BioWisdom this week announced that it has signed a pilot services agreement with GlaxoSmithKline and said that such a deal represents a growing trend among its pharma customers to pen service deals.
BioWisdom’s CTO Steve Gardner told Bioinform
that the company’s services group is seeing interest from customers in projects involving its legacy Sofia “intelligence network” technology, which develops custom biomedical ontologies, as well as the OmniViz data-visualization technology it gained in its acquisition of OmniViz earlier this year [Bioinform 02-02-07
“It’s not just about us using our software, [but using] the full range of software,” Gardner said.
He added that the company plans to more tightly integrate the OmniViz and Sofia products — as well as the SRS software it acquired from Lion Bioscience last year — and hinted that the firm may re-brand its product line to better reflect the integrated offering.
GSK is using BioWisdom’s Sofia KnowledgeScan service, in which the Sofia platform develops the so-called intelligence networks. The service has applications in helping customers identify biomarkers for efficacy, modify clinical trial designs, select biological targets, and identify in-license opportunities, among other capabilities, according to the company.
Renting vs. Owning
Gardner told Bioinform that the deal is an example of a larger phenomenon among its pharma customers to opt for pilot services agreements rather than license its software for internal use.
“We as a business have three lines we can go down,” explained Gardner. “We have our software business, so we can sell customers licenses; we can install it [the software] onsite and have them operate it. We also do the same with content because obviously with doing all these projects you can imagine we have some pretty high-value content we’ve created even from publicly accessible sources.
“But the particular example of the project we’re talking about is services-based, and that’s where people are asking us to operate software on their behalf,” he said.
Gardner estimated that between 30 and 40 percent of BioWisdom’s customers buy Sofia to implement throughout the enterprise. However, the GSK deal, slated to last between three and four months, is emblematic of the majority of deals the company is currently doing with such clients, he said.
Building a Brand
In the GSK pilot project, BioWisdom will be implementing OmniViz as well as Sofia KnowledgeScan.
Gardner said the real “core differentiator” between BioWisom and other software providers in this space is its ability to bring information together in a streamlined fashion — a capability that may become more finely ingrained in the public’s mind if and when the company chooses to merge its three platforms, which include SRS, OmniViz, and Sofia.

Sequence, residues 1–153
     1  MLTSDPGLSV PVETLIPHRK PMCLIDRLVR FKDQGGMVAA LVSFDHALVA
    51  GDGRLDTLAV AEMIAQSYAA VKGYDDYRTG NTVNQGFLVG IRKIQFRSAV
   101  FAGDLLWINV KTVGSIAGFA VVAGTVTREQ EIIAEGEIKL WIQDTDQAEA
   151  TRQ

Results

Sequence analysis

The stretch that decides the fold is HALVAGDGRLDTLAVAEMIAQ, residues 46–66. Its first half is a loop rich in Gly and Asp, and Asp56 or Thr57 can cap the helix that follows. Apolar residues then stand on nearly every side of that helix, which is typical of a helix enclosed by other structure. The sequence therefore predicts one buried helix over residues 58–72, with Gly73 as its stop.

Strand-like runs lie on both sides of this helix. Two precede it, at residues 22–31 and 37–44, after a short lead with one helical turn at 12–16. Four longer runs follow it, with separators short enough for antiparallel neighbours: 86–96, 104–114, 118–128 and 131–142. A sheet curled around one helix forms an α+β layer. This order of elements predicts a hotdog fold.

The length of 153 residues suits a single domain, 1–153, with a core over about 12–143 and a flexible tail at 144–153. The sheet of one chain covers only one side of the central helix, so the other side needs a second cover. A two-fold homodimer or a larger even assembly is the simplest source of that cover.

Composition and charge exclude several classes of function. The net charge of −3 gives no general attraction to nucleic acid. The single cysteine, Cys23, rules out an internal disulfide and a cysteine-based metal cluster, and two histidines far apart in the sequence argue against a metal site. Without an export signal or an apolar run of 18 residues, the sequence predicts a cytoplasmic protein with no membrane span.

“We certainly have well-advanced plans to integrate the products we have; I would include SRS with that,” Gardner said. “There is a lot of cross-capability you will see from us coming out in the next few months which will give enhancements to the three product lines.”
“We are focused on the branding of Sofia. The real core differentiator for us as a business is our ability to bring information together; to be able to use all the different strands of information at our disposal. The two products [Sofia and OmniViz] are actually very complementary.”
Sofia and OmniViz “work very closely hand in hand,” Gardner said. “In fact, you may actually see us changing the name of our KnowledgeScan to reflect that [now that we are at the stage of] post-acquisition.”
BioWisdom would not disclose details of the agreement with GSK, but Nicola Day, director of healthcare intelligence services at BioWisdom, described how a typical pilot services project works.
“Normally, I come in at the beginning of the project to talk to the scientists to find out what their scientific issues are,” she said. “And then based around that, I analyze and come up with some findings, some hypotheses to bring back to the client.”
Asked if GSK will use Sofia for ontology building, Gardner said that the short answer is that BioWisdom really doesn’t know.
According to Gardner, “if [a pharma customer has] a business issue they want to address, often [Day’s] report will do the job. If it is … a therapeutic area team or a science-based team, they may not want to reuse that. It tends to be the more IT-focused projects that are looking to build a reusable substrate that want to use the ontologies we build.”
The customer, though, always has the last word. “They have the insights into the business issue, and they can guide the questions we need to answer. They can take those initial answers and ask the next question, but we’re the experts in actually operating it,” Gardner said.
While it’s too early to tell whether GSK will continue using Sofia KnowledgeScan after the pilot project, Gardner said that “in many cases, our customers pretty much go one of two ways: they will either get repeat service projects from us or they say, ‘Well actually this is pretty good and you’ve proved the value of the technology. We now think it’s worth us investing in [it], to bring in-house and learn how you actually go about doing these things.’”